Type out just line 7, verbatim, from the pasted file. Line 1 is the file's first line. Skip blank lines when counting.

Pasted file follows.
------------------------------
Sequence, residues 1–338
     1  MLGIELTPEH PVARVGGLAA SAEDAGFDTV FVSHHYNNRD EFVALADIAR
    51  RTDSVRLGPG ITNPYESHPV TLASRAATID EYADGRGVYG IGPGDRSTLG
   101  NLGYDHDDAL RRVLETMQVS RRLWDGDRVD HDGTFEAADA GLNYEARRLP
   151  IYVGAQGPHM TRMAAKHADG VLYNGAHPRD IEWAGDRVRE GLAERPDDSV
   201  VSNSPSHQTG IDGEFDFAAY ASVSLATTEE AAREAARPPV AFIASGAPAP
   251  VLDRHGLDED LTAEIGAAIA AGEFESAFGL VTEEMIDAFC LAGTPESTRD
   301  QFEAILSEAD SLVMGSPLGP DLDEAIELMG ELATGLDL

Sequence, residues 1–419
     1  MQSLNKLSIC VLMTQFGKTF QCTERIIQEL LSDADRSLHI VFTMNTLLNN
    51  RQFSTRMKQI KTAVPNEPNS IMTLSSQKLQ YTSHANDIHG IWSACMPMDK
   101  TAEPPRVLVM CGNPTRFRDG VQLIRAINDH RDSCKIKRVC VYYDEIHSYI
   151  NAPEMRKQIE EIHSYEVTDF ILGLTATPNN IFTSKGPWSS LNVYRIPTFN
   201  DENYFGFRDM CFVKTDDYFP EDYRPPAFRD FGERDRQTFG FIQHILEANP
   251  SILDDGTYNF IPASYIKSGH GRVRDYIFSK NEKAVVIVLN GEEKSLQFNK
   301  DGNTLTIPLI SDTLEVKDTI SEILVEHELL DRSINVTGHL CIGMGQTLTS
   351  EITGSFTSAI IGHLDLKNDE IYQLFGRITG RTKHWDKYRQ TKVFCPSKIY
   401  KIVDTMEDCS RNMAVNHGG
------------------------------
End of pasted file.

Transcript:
   251  VLDRHGLDED LTAEIGAAIA AGEFESAFGL VTEEMIDAFC LAGTPESTRD